Phase 2 Trial Planned for KM-819 as Disease-modifying Therapy

Patricia Inácio, PhD avatar

by Patricia Inácio, PhD |

Share this article:

Share article via email
A woman makes an announcement through a megaphone.

Fascinate Therapeutics plans to launch a Phase 2 clinical trial into the safety and early efficacy of KM-819 as a potential therapy for Parkinson’s disease.

This follows the approval by the U.S. Food and Drug Administration of Fascinate’s request for such a trial, in the form of an investigational new drug (IND) application.

The study is designed to evaluate the disease-modifying potential of KM-819 in slowing or halting Parkinson’s progression in people with early and midstage disease, including GBA mutation carriers, the company announced in a press release.

Recommended Reading
slowing down, unique, Benjamin Button, saying goodbye

My Dad’s Parkinson’s Progression Reminds Me of Benjamin Button

Nerve cell damage in Parkinson’s disease is caused by the buildup of toxic forms of the protein alpha-synuclein. The nerve cells most affected are those that produce the neurotransmitter dopamine, a chemical messenger essential for muscle control.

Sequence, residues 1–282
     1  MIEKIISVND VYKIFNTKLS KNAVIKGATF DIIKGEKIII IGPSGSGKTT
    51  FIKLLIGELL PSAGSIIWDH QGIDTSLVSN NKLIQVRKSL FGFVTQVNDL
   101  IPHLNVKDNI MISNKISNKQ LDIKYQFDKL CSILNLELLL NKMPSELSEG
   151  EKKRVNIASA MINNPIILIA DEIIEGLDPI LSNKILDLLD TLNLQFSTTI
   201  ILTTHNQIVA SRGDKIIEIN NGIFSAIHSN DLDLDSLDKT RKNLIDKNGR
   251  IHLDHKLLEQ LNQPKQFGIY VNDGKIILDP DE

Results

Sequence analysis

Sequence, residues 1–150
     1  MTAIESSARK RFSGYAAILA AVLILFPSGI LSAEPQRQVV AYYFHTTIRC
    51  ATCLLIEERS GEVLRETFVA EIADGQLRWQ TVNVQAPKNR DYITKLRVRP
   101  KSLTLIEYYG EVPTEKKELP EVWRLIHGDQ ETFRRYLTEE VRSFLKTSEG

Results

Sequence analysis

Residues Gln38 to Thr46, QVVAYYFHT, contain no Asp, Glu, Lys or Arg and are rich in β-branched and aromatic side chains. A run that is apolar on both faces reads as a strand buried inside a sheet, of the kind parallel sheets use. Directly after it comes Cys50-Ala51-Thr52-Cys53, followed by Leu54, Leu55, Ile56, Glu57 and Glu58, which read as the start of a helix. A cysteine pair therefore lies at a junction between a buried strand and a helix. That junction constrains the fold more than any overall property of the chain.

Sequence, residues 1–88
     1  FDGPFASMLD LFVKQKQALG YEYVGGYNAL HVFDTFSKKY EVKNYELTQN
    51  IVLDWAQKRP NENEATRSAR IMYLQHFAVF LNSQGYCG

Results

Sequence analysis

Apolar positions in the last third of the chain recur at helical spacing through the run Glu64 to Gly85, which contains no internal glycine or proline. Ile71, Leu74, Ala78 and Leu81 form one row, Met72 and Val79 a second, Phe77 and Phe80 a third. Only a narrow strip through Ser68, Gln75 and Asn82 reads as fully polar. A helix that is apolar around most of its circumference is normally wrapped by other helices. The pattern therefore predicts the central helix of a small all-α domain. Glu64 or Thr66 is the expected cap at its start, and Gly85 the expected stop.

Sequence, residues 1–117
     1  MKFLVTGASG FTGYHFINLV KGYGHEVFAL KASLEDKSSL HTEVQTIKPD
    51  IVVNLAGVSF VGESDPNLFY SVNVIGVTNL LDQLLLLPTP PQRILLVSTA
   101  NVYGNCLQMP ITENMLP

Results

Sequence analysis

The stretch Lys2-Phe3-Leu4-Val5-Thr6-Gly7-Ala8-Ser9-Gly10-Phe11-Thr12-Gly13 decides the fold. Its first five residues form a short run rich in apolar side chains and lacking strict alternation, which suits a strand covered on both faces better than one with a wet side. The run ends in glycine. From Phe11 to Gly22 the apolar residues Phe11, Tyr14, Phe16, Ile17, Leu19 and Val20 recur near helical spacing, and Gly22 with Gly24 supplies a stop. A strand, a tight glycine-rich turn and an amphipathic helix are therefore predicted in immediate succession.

Genetic errors, such as in the mutations in GBA1 gene, lead to the buildup of toxic alpha-synuclein, among other proteins, inside nerve cells, which can drive Parkinson’s development.

KM-819 is a molecule given by mouth that inhibits FAF1, a protein found at higher levels in Parkinson’s patients. It works by promoting apoptosis, or regulated cell death.

By inhibiting FAF1, KM-819 is thought to prevent the death of dopaminergic neurons and potentially slow or stop Parkinson’s progression.

In preclinical studies, KM-819 showed superior effectiveness in neuroprotection in cell models and in protecting dopaminergic neurons  in animal models of Parkinson’s disease. The therapy also has been shown to improve behavioral tests given the animals.

In a previous Phase 1 clinical trial (NCT03022799) in healthy volunteers, the medication showed a strong safety profile.

The goal of the Phase 2 trial is to evaluate the safety, tolerability, and pharmacokinetics — the way medication is processed within the body — and preliminary efficacy of KM-819 at differing doses.

It will be placebo-controlled and divided into two parts. Part 1 will assess the safety and pharmacokinetics of escalating doses of KM-819. This will be followed by part 2, a two-year treatment of patients at the selected doses to evaluate the therapy’s safety and early efficacy.

“We are excited about the prospect of KM-819 for Parkinson’s disease with Phase 2 trials looking for evidence of disease modifying effects. KM-819 shows a promising neuroprotection efficacy in dopaminergic cells including GBA mutation, as well as clearing the alpha-synuclein,” the company stated.